The Mountains of the Lord feature bold and large in the unfolding saga of God’s dealings with humankind.
The first biblical reference to the Mountain of the Lord is in Genesis 22:14, which concludes the dramatic story of Abraham’s sacrifice of his son. At the last moment, God substituted a ram for Isaac and the account ends with the words, ‘And to this day it is said, “On the mountain of the Lord it will be provided.”‘
Approximately 1900 years later Jesus, God the Son, the Lamb of God, gave up His life as a sacrifice on behalf of all humanity. The place where this took place was Golgotha, one of the seven hills of Jerusalem collectively known as Mount Zion. Moriah, the place of Abraham’s sacrifice is also part of Mount Zion, as is Olivet where Jesus mourned over Jerusalem and later ascended back into Heaven. Another biblically famous mountain was Sinai, where Moses received the Ten Commandments from the hand of God. Mount Carmel was the place where God and the prophet Elijah defeated the prophets of Baal.
However, I want to write about possibly the greatest of all the mountains of the Lord: Mount Hermon.
Hermon is a magnificent, perpetually snow-capped mountain that marked the northern-most border of ancient Israel. It is the highest mountain in the region, but it has a long sloping ridge that descends southwards. Although the waters of the Jordan river come from the melting snow of Mount Hermon, they run underground until they surface at a place on the mountain ridge called Paneas, or Caesarea Philippi. The ancients regarded water sources as gateways to the underworld of the dead and therefore erected temples and shrines nearby to honour their particular gods. As the name suggests, a shrine to the pagan god Pan stood there, as did a memorial to Caesar a self-proclaimed Roman god. The fountainhead of the river Jordan was a low cave appropriated known as ‘the gates of Hades’.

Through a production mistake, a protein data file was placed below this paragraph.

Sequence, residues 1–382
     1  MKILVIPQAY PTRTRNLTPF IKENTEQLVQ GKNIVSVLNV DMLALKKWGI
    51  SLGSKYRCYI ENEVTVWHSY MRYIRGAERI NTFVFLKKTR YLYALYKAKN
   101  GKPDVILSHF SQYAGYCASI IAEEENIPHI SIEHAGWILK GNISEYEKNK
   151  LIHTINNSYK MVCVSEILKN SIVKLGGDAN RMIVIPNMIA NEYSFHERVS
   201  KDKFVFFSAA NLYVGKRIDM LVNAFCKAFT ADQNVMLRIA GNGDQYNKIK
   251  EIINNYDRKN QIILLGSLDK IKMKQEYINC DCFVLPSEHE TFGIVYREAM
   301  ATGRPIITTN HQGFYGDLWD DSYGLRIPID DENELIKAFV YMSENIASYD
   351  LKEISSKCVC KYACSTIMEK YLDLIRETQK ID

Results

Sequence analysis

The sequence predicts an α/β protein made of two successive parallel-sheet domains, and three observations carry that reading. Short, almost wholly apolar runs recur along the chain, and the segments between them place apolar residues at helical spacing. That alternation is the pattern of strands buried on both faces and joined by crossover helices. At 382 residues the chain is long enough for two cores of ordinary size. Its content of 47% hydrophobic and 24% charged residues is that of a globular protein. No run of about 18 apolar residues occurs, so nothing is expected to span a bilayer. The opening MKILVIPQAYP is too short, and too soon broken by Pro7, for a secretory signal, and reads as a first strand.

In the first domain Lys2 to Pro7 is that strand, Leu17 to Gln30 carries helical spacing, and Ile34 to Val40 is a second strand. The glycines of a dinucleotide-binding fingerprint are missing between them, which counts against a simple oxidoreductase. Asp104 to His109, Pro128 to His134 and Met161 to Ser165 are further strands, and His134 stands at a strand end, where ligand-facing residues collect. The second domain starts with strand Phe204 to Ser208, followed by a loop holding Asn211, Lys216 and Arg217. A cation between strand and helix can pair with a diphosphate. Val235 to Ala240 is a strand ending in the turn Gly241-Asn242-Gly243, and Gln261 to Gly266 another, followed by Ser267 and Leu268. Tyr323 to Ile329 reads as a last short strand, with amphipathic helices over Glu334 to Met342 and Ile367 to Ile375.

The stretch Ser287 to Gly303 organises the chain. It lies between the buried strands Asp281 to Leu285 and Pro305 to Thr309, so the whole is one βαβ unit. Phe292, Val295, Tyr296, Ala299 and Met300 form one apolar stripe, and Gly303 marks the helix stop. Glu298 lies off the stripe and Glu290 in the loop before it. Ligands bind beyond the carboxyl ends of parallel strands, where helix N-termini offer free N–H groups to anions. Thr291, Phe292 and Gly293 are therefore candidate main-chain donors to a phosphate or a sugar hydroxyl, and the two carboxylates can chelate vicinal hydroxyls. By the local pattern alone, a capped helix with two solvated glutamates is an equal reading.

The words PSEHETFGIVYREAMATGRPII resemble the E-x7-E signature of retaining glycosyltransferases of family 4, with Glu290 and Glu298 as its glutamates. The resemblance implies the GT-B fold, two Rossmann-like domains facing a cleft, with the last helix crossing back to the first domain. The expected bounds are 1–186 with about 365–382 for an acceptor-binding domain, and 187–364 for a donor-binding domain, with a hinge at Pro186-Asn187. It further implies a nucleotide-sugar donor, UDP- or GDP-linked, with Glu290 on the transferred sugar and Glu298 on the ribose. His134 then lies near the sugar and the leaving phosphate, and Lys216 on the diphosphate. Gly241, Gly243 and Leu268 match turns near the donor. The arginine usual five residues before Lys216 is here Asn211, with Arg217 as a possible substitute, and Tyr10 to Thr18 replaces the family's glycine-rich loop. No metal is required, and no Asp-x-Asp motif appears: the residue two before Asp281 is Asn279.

Jesus at Paneas
Matthew 16:13-20 records the trip that Jesus and His disciples took to Paneas. It was there, standing amidst the pagan altars, shrines and temples that Jesus asked, “Who do people say the Son of Man is?” This was a theologically loaded term referring to the long-awaited Jewish Messiah, the Representative Man, the new Head of regenerated humanity. Jesus then asked who his disciples thought he was, and Peter, under the anointing of the Holy Spirit, declared, “You are the Christ, the Son of the living God”.
Both Jesus’ humanity and divinity are in evidence in this brief exchange, for ‘Son of Man’ indicates his humanity and ‘Son of God’ indicates his divinity.
Jesus on Mount Hermon
In a more subtle and veiled way, this visit to Paneas was as much a confrontation with the powers of Hell as was Elijah’s challenge on Mount Carmel. Hence Jesus’ declaration that He would build his church and the gates of hell would not prevail against it (Matthew 16:18). In Paneas He stood as the ultimate prophet, the true Son of Man, but his divinity was yet to be authenticated. This took place further up the mountain ridge on the slopes of Hermon, the Mountain of God. Matthew 17:1-13 records what we know as The Transfiguration.
It is best that you read this account directly from the scriptures, but the highlights are as follow:
- Jesus took Peter, James and John and led them up the mountain where they witnessed something truly remarkable.
- The Lord’s face began to shine like the sun and his clothes became as white as the light.